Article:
Its not like I’ve ever been really hungry and am reacting to that memory of hunger with overindulgence. I’m not hoarding food because I am preparing for a day of famine. Someday I hope to wake up from the nightmare of food addiction. It would be so cool to just eat when I’m hungry, eat the food my body needs, and stop looking forward to opportunities for unhealthy food.
I did pretty well for the last several years until a period of very high physical and emotional stress knocked me out of balance and I found myself again craving foods that I know are not in my best interest. I haven’t started eating foods that I am allergic to, but those unhealthy foods that I am not officially allergic to have crept back into my pantry and my body. I fell prey to the “anything in moderation” wisdom that is so prevalent.
The truth – at least my truth – is that I can’t handle eating some foods. They change how I feel, how I think, and how my body functions. If you share this experience I’d love to hear from you.
I’m not sure when I purchased the book, or how long it had been on my shelf before I finally got around to reading it. It was probably sitting there for quite a while. I have a habit of letting books call to me at the time of sale, but not necessarily reading thenm promptly.
Spirit Woman, by Lynn Andrews, was actually written as a sequel to Medicine Woman but it easily stands on its own. Lynn describes her teachings from Agnes Whistling Elk and Ruby Plenty Chiefs through the spiritual tool of medicine shields.
Lynn’s education is definitely “experiential” rather than a lecture format that we are so used to in suburban educational systems. Lynn’s teachers set up situations that required much of her beyond simple demonstrations of skill or knowledge. These learning experiences challenged her to become something different and to become aware of her own abilities, fears, and constricted beliefs.
The author’s writing style allows you to feel at times as if you are sitting at the table, experiencing the darkness, or knowing the joy. It is amazing to realize that this is a true story. During each chapter I questioned whether or not I could have done the things that Lynn did. I wonder, could you?
Not having much energy is a common problem for most of us. Below is a tapping exercise that may help to improve the situation. When I first used this one, lots of other issues popped up that needed tapping as well. You may want to have your tapping journal handy to jot down some notes.
If you are new to tapping, check out the Tapping Points video on the Meridian Tapping page before moving on.
Rate this statement on a 0-10 scale where 0=not true at all and 10=completely true, “I have low energy.” Write down the number.
Say these statements while tapping on the karate chop point: I don’t seem to have much energy lately. It is hard to get going and even harder to keep going. I just don’t seem to have the stamina I used to have and I want it back. Even though I’m lacking energy I love and accept myself completely. Even though I have no stamina, I am open to loving myuself anyway. Even though I have much less energy than what I think I need, I choose to accept myself just as I am.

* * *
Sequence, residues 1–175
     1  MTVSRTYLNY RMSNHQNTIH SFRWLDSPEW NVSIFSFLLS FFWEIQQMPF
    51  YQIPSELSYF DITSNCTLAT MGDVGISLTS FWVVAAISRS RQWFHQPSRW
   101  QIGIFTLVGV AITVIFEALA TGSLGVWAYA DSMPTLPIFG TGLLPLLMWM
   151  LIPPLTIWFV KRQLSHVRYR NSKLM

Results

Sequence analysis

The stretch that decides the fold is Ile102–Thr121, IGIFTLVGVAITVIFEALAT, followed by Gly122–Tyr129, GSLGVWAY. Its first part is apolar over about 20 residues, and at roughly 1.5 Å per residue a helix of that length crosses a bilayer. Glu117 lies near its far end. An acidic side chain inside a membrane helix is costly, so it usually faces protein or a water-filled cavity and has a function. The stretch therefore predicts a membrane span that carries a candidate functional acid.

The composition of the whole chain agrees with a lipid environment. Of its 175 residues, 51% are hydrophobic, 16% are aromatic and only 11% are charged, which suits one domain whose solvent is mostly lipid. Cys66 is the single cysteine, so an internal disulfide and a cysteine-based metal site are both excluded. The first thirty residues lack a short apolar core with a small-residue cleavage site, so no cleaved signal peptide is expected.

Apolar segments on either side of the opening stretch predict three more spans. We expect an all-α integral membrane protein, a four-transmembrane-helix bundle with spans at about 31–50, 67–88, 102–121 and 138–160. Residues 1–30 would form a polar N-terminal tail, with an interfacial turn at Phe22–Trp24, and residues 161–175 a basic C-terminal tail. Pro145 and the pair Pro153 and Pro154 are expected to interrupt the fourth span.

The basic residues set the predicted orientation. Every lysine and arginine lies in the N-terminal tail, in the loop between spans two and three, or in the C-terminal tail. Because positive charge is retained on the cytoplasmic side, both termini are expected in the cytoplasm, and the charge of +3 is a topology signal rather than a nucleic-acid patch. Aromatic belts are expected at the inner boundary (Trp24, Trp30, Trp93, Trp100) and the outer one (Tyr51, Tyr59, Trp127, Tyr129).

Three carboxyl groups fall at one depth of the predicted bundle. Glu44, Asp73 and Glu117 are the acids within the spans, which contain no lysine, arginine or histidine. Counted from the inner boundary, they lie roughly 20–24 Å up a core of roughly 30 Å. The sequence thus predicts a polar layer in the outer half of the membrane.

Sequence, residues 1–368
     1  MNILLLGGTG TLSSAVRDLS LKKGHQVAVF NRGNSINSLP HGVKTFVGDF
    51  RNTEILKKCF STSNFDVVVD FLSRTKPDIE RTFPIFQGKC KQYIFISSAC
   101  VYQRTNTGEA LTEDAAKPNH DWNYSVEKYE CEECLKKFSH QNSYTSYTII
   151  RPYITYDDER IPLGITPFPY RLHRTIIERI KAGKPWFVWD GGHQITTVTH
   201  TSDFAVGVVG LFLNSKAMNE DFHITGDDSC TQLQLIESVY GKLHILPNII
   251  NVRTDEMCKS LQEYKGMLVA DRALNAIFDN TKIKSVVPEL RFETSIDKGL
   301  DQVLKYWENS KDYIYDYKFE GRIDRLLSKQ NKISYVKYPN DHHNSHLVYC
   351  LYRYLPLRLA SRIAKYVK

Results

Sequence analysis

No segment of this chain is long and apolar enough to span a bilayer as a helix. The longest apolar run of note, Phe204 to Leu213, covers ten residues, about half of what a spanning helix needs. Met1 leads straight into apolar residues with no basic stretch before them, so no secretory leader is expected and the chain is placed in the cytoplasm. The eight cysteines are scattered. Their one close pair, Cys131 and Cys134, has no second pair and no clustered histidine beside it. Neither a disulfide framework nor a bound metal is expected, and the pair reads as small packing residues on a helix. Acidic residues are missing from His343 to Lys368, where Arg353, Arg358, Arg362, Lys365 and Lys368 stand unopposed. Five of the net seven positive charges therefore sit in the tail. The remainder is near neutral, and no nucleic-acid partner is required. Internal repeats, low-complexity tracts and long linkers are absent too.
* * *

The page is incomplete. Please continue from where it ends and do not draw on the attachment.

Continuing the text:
Side of Eye…Low energy
Under the Eye…Lack of energy
Chin…Not enough to get going
Collarbone…Not enough to keep going either
Under the Arm…No energy
Top of Head…Need more energy
Side of Eye…I want more stamina
Under the Eye…I really miss having energy and stamina
Nose…It is bothering me
Chin…I am committed to improving my energy
Collarbone…I am open to raising my energy level
Under the Arm…I am eager to understand my current energy
Top of Head…I accept myself with or without energy and stamina
Take a deep breath and release it gently. Now say the statement again “I have low energy.” Rate it on the 0-10 scale. Has there been a change? Did any other thoughts come up? If the rating number is lower, you can tap on those new thoughts or continue tapping with statements similar to the ones above.
Energy Tapping by Fred Gallo and Harry Vincenzi was one of the first books on Energy Psychology (EP) that I read and I’m delighted to have read it again after more than a decade of doing EP with others. In addition to being a great introductory text for EP work and tapping, this book has features that set it apart from many other books in the genre including a chapter about energy toxins, a great description of beliefs and their impact on feelings and behavior, and perhaps the best chapter anywhere on Psychological Reversal and Self Sabotage.
Beyond the basics of how to do tapping, the authors provide easy to follow instruction and numerous case examples so that the reader can feel confident in addressing a variety of emotions and situations. The page formatting and easy to understand graphics add to the experience and the ease of use.
I highly recommend this book to anyone interested in improving their life circumstance. Whether you are a seasoned health care provider or new to energy work, this book has much to offer.